When Sam Smith offhandedly told a U.K. tabloid that he doesn't like Tinder or Grindr as a way to meet men, the media wrecked him. Gawker came to the absurd conclusion, via thinly veiled homophobia, that since he doesn't personally use those apps, Smith's gay conservatism is a clever ruse to sell albums by not being "too gay." Smith once tweaked his lyrics to make them gender-neutral and caused an uproar for not being "gay enough." Gawker remarked, "Smith's attempt here is about as futile as it would be for him to try and seem less gay with a dick in his mouth." Thought Catalog followed up with another, more obviously homophobic article, "Sam Smith Is a Selfish Person and That's a Shame."
But Smith has been very open about the fact that he doesn't want to be a spokesman for the gay community. And he shouldn't have to be. Queer musicians are in the difficult spot of being subjected to consistent and invasive interest in whether they defy or uphold a series of stereotypes. Often, the pressures from the mainstream media and the LGBT community both amount to the same thing: Gay musicians are seen as gay first and musicians second. Rapper Le1f was so frustrated that he was seen as a "gay rapper" that he actually took a self-imposed retreat from the media soon after he became somewhat famous.
The fight for gay rights means equality, and equality means that sexuality is a footnote, not a definition. How LGBT musicians perform their sexuality is entirely up to them. Here are seven stereotypes about LGBT musicians that need to be retired:
1. Being a LGBT musician means your music is all about your sexuality.
There are quite a few articles online with titles like "14 Gay Musicians We Thought Were Straight." The logic usually runs that, unless a musician is singing about gay love, they couldn't possibly be gay. But just as being gay doesn't necessarily define an LGBT musician, LGBT musicians don't always make music about their sexuality. Take the lead singer of the English indie rock band Bloc Party, Kele Okereke.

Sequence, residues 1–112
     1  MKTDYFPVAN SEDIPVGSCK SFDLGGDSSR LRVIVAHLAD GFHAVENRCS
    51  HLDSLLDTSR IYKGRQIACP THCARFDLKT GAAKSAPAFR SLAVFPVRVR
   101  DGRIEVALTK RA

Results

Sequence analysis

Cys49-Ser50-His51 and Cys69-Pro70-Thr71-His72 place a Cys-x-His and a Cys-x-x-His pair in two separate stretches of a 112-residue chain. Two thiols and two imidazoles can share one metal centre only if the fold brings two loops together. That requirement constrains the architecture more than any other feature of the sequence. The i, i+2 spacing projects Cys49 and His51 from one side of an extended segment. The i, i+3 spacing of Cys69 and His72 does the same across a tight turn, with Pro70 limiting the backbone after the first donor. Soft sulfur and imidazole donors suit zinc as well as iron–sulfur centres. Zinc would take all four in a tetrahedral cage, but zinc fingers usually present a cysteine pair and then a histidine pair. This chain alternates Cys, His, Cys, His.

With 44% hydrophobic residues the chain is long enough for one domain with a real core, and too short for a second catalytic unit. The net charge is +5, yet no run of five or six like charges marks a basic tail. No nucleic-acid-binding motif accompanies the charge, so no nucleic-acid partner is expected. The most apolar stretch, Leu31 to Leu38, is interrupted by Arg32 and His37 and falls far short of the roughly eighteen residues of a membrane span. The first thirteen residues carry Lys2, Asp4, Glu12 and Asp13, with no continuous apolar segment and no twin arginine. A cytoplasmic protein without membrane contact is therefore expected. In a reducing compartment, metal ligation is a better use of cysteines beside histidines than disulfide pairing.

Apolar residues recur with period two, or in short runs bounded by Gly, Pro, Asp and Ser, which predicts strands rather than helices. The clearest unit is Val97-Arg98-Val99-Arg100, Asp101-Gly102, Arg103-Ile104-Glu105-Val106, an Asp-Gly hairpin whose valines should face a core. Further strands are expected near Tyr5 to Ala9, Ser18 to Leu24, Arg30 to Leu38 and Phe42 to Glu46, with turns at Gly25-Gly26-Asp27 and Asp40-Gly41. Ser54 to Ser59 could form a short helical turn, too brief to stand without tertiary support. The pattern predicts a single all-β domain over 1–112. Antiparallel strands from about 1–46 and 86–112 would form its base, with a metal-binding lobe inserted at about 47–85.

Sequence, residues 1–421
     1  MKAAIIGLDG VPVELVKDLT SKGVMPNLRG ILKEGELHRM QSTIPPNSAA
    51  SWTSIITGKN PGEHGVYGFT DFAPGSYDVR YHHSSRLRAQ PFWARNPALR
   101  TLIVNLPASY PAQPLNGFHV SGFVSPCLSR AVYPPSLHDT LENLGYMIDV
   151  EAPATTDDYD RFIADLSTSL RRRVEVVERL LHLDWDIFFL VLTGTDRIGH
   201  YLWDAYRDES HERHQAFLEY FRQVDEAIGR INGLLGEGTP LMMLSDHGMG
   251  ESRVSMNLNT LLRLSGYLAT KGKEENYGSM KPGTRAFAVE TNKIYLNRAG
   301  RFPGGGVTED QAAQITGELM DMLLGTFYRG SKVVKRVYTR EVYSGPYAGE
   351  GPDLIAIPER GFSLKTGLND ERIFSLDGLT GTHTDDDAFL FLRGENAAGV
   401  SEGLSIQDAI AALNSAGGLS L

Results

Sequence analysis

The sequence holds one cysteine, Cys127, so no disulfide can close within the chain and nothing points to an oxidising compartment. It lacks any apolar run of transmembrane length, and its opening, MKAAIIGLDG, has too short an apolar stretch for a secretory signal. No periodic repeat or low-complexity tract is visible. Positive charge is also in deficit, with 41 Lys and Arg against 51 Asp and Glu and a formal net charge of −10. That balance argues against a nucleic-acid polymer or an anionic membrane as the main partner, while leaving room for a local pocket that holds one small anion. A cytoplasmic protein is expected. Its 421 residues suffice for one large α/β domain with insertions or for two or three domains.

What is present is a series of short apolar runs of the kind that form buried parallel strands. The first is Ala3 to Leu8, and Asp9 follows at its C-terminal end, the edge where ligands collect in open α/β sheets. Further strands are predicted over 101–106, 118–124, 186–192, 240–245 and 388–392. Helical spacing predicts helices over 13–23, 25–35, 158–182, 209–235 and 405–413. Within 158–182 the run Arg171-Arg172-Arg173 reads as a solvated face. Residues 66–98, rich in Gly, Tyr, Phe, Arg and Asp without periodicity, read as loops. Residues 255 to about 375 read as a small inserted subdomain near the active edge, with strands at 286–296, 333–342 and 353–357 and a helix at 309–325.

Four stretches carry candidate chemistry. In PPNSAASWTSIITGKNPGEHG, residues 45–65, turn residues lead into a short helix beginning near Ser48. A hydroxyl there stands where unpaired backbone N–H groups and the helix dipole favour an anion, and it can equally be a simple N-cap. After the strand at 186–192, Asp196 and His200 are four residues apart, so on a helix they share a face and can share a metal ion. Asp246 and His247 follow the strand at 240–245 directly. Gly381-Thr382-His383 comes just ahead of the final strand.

"When Bloc Party started, we were told that things would be hard for us because indie rock was a predominantly straight white male world," Okereke wrote in Vice. "There was a dogged insistence for me to clarify my sexuality in the media."
But his homosexuality doesn't overtly appear in Bloc Party's music anyway. The media insisted on outing Okereke, and to what end? In "Signs," one of Bloc Party's most lovelorn songs, the lyrics are gender-neutral. A fair-weather Bloc Party fan would never know the lead singer is gay — why should that matter?
2. Coming out is the defining moment in a LGBT musician's career.
When R&B singer Frank Ocean came out before he dropped his album, Channel Orange, people worried that it would negatively affect his career, especially given the machismo of hip-hop. In an interview with GQ shortly after Ocean came out in a letter on his blog, the magazine asked him, "Did you worry [coming out] would derail your career?" He replied, "I had those fears," but what he said next is worth a standing ovation:
"I'm in this business to be creative — I'll even diminish it and say to be a content provider... I'm not trying to sell you sex. People should pay attention to that in the letter: I didn't need to label it for it to have impact. Because people realize everything that I say is so relatable, because when you're talking about romantic love, both sides in all scenarios feel the same shit. As a writer, as a creator, I'm giving you my experiences. But just take what I give you. You ain't got to pry beyond that."
3. Queer musicians don't fit into hard rock.
When the lead singer of the rock band Against Me! came out as transgender in 2012, the music world shook. Shortly after Tom Gabel came out as a woman named Laura Jane Grace, a writer for Hitfix wrote, "Someone who has previously identified as a man but who is, in fact, a woman who sings in a hard rock band is a jolt to the system, in part, because it's a hard rock band."
The media's impulse reaction was "a jolt," and hopefully it shook loose the idea that hard rock is a straight boys' club. In an interview with Rolling Stone, Grace said, "With the band especially, I felt more and more like I was putting on an act — like I was being shoved into this role of 'angry white man in a punk band.'" But Grace showed the queer scene, and the hardcore punk rock scene, that social constructs are fluid and being a queer musician has no bearing on the kind of music she makes.